There are literally thousands of vampire legends throughout history. Nearly every single culture on the face of the earth has some kind of myth about undead, blood-sucking creatures that relate back to vampire mythology.
Only a vampire can create another vampire, so logic tells us that the history of vampires begins with a single vampire who created the others. Much like the chicken-and-the-egg argument, we had little insight into how the first vampire came about until recently. Logically, if there was no vampire to make the first vampire, how was the first vampire made? As most people know, vampires drink blood. The blood of live humans is always preferred, but animal blood will also do the trick.
Any warm-blooded mammal can supply the necessary blood for survival, and in extreme situations cold-blooded creatures like snakes and other reptiles may suffice, though their blood is less effective. Many vampire myths insinuate that a vampire’s heart does not beat. This is not true. Just like humans, vampire hearts beat in order to move the blood through the body. Many scholars argue the word “vampire” is either from the Hungarian vampir or from the Turkish upior, upper, upyr meaning “witch.” Other scholars argue the term derived from the Greek word “to drink” or from the Greek nosophoros meaning “plague carrier.” It may also derive from the Serbian Bamiiup or the Serbo-Crotian pirati. There are many terms for “vampire” found across cultures, suggesting that vampires are embedded in human consciousness.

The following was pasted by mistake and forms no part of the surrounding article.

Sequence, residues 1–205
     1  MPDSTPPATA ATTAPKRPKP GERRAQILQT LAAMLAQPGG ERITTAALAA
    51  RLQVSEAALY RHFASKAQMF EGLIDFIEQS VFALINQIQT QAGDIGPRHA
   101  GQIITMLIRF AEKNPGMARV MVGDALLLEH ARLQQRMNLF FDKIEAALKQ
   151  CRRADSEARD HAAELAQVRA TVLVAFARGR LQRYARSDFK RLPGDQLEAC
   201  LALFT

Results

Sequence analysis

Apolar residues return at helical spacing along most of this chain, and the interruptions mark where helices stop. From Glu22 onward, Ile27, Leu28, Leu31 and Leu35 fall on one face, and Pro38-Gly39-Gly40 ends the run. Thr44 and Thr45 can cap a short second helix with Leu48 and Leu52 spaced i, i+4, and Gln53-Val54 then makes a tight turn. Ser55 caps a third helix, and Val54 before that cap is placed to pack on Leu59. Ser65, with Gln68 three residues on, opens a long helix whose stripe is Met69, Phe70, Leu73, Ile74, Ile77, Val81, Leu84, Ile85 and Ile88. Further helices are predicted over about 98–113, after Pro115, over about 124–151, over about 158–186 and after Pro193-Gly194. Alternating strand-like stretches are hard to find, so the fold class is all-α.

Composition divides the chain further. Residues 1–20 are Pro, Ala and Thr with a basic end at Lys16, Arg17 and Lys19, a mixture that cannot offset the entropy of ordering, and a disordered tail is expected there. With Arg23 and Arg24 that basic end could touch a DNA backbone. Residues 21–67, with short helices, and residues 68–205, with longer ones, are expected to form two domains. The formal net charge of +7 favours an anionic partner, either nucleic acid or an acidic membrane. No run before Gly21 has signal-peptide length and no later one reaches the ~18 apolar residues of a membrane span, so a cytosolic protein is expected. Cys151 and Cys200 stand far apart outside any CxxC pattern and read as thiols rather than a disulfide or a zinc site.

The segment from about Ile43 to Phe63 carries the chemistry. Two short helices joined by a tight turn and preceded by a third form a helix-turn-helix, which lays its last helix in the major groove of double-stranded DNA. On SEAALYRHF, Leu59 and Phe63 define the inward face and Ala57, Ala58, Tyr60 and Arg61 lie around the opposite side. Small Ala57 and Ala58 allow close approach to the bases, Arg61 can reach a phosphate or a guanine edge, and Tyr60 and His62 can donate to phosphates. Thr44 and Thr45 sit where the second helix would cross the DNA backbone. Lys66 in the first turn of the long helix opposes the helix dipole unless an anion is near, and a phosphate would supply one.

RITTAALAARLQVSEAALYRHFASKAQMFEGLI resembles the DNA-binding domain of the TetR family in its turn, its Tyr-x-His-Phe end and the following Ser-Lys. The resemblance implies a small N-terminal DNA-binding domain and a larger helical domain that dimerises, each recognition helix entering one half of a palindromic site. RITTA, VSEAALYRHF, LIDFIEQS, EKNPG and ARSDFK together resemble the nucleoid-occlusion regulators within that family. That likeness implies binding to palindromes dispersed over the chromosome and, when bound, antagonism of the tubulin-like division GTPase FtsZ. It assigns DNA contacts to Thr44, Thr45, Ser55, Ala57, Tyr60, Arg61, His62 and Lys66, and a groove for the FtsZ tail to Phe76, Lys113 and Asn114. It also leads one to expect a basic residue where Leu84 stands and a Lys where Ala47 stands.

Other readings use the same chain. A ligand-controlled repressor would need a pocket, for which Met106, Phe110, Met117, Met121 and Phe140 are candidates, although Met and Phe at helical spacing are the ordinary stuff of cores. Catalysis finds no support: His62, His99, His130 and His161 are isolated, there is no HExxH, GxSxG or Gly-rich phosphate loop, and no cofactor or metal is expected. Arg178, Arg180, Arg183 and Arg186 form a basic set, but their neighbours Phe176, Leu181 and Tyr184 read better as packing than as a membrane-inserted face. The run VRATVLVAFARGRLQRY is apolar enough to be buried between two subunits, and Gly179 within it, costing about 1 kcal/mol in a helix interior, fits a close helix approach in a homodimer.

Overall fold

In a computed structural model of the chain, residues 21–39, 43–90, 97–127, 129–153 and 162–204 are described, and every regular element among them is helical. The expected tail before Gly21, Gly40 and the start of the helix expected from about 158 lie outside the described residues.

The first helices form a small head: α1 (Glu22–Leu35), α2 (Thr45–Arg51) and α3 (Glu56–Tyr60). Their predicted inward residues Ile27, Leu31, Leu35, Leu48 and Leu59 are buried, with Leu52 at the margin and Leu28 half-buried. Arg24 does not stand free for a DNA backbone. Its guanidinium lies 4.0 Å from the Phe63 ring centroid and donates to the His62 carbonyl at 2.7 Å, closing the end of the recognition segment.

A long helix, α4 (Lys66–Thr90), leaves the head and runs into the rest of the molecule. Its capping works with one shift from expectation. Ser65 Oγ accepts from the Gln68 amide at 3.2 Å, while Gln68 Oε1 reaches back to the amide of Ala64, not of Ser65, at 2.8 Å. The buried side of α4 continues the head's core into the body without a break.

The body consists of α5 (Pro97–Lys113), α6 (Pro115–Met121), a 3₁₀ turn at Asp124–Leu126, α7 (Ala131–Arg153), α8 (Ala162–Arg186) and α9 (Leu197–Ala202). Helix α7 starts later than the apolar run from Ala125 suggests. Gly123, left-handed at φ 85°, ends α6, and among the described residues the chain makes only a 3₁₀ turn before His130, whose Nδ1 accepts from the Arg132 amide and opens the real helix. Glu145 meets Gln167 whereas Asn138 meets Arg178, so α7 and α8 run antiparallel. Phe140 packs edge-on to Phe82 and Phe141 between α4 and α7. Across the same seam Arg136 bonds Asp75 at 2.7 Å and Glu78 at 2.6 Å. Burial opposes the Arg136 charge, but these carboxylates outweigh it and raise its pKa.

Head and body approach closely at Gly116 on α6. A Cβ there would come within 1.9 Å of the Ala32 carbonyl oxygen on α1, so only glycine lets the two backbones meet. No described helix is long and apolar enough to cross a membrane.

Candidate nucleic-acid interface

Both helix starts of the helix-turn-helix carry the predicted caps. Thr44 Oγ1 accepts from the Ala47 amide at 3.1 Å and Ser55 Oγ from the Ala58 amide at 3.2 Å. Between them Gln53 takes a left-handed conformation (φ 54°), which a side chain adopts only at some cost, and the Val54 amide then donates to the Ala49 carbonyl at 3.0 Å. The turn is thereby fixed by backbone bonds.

A group a vampires has variously been called a clutch, brood, coven, pack, or a clan.The Muppet vampire, Count von Count from Sesame Street, is based on actual vampire myth. One way to supposedly deter a vampire is to throw seeds (usually mustard) outside a door or place fishing net outside a window. Vampires are compelled to count the seeds or the holes in the net, delaying them until the sun comes up.A rare disease called porphyria (also called the “vampire” or “Dracula” disease) causes vampire-like symptoms, such as an extreme sensitivity to sunlight and sometimes hairiness. In extreme cases, teeth might be stained reddish brown, and eventually the patient may go mad. Vampire legends may have been based on Vlad of Walachia, also known as Vlad the Impaler (c. 1431-1476). He had a habit of nailing hats to people’s heads, skinning them alive, and impaling them on upright stakes. He also liked to dip bread into the blood of his enemies and eat it. His name, Vlad, means son of the dragon or Dracula, who has been identified as the historical Dracula. Though Vlad the Impaler was murdered in 1476, his tomb is reported empty.